Death of Prahasta
Ravana again sent out another leader of the rakshasas, the deadly Thunder-tooth who was confronted by Angada as he drove the monkey host before him, piercing five and nine with every shaft, and engaged in a heavy combat, till at last he severed the neck of the demon and killed him. Then Ravana sent Akampana or the Unconquerable, and he was slain by Hanuman along with his entire host. Then Ravana got utterly shocked and sent Prahasta or the Long-hand, his foremost general to the battle field. Prahasta gathered another host, and marched forward upon a splendid car by the eastern gate, accompanied by his counselors, Man-slayer and Noisy-throat and Tall. That encounter witnessed the death of thousands of rakshasas and monkeys, and also witnessed some of the best deeds of heroism. Prahasta sped thousands of monkey-slaying shafts from his shining car, and a river of blood flowed between the opposing hosts. Then Nila, the son of Agni, brandishing an uptorn tree, rushed on Prahasta; but the demon wounded the monkey with showers of arrows. At last Prahasta's bow was shattered in the conflict, and the twain fought hand to hand, with tooth and nail. Then Prahasta struck Nila a deadly blow with his mace, and Nila flung a tall tree at the breast of Prahasta; but he lightly avoided that and rushed on Nila. Then Nila threw a mighty crag at the rakshasa and shattered his head and killed him. The rakshasa host drew back as water rushes through a broken dyke, and melted away and entered Lanka, stricken with fear and grief.
Ravana grew very angry after hearing about the death of Prahasta, and his heart sank, but he decided to destroy Rama and Lakshmana himself with a thousand shafts, and mounted his shining car, led by a rakshasa host and moved towards the monkeys. Ravana seemed like the Destroyer himself, attended by ghosts and flesh-devouring monsters with burning eyes. Goblin and Big-belly and Man-destroyer and Three-heads, fighters with mountain-peaks and flaming maces, were with Ravana. But he, when they were face to face with the besiegers, dismissed the host to take their ease, and he advanced to fight alone. First Sugriva hurled a mountain-top at him and Ravana severed it with his golden shafts and he loosed a deadly flaming shaft at the monkey-king that bore him to the ground with pain. Then other monkey-chiefs rushed at Ravana, but he destroyed them with ease, so that they cried to Rama for help.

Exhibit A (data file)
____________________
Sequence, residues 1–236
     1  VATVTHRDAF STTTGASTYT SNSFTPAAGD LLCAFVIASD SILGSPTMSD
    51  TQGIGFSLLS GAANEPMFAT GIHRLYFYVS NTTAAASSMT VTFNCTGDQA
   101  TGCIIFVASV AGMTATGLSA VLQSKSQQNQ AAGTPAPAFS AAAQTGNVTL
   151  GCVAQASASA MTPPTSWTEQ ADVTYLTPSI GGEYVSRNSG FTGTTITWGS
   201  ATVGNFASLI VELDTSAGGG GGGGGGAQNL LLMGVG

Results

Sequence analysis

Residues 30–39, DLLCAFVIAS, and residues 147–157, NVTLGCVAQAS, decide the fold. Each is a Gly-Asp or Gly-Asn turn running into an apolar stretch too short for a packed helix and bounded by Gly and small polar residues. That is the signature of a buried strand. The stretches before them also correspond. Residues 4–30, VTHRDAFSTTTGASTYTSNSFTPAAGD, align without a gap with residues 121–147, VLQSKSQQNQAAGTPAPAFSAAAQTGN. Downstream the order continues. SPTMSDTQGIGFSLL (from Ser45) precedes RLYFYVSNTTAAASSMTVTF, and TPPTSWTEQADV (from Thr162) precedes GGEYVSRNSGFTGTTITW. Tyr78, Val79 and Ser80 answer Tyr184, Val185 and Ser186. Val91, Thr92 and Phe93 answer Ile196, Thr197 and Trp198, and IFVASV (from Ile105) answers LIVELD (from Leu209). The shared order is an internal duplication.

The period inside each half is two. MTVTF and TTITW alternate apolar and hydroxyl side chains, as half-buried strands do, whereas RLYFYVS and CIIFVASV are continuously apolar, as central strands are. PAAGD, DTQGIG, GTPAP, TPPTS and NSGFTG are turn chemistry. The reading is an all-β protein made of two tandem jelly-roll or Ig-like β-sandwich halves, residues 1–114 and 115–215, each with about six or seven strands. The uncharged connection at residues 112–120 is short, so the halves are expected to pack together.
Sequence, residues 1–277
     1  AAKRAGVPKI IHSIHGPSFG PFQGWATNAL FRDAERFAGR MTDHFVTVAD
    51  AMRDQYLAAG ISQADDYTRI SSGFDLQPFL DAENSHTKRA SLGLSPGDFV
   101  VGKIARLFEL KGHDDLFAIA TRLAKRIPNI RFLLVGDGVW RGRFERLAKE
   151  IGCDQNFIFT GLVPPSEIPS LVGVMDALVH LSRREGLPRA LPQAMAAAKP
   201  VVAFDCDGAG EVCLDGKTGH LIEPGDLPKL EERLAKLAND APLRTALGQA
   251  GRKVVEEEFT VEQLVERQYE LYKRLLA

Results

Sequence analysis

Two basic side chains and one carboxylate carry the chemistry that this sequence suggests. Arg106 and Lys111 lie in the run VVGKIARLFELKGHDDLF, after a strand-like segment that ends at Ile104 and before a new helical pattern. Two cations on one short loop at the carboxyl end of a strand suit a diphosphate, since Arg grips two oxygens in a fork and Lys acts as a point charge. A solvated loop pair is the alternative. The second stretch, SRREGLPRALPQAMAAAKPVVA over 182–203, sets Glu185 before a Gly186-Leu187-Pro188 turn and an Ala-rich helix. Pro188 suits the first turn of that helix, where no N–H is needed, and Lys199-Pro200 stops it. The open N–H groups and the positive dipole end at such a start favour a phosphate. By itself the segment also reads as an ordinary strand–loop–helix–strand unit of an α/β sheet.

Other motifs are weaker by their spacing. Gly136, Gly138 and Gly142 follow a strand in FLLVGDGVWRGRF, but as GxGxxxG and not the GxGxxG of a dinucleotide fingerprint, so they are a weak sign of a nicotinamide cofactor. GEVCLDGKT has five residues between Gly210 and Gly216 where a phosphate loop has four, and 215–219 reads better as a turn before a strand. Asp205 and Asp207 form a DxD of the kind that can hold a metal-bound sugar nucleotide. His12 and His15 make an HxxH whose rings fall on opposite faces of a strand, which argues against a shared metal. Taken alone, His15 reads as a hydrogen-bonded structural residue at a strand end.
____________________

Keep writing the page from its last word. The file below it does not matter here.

Lakshmana wounded by Ravana
Lakshmana requested for that battle, and Rama granted him. Then Lakshmana took the field, while Hanuman was pressing Ravana hard in the battle. Ravana struck Hanuman a heavy blow and the great monkey shuddered and fell back and Ravana turned to fight with Nila. But Nila, flaming with anger, sprang on to the car of Ravana and darted like fire from point to point. Ravana's heart sank, but he took a deadly shaft and aimed at Nila, and also laid Nila down. Then Lakshmana took up the battle, and showers of arrows were loosed by both of them and both were wounded. Meanwhile, a flaming dart from Ravana struck down Lakshmana to the ground. Ravana seized him; but he was unable to lift Lakshmana from the ground. Then Hanuman came back and struck the rakshasa king a heavy by which Ravana fell back, bleeding and senseless on the platform of his car. Hanuman lifted Lakshmana and took him away to Rama.
Very soon Lakshmana and Ravana came to sense and Rama, mounted Hanuman's back, started a dreadful battle with Ravana. Rama destroyed Ravana's car, and wounded him with bolts, and cut his crown, and struck him with an arrow. Ravana became very weak and started to faint. Thus, sparing his life, Rama sent the demon king back to Lanka and told him that Ravana had accomplished the deeds of heroism, and since he was fainting, he should return to Lanka and told him that he would taste the power of Rama in another battle.
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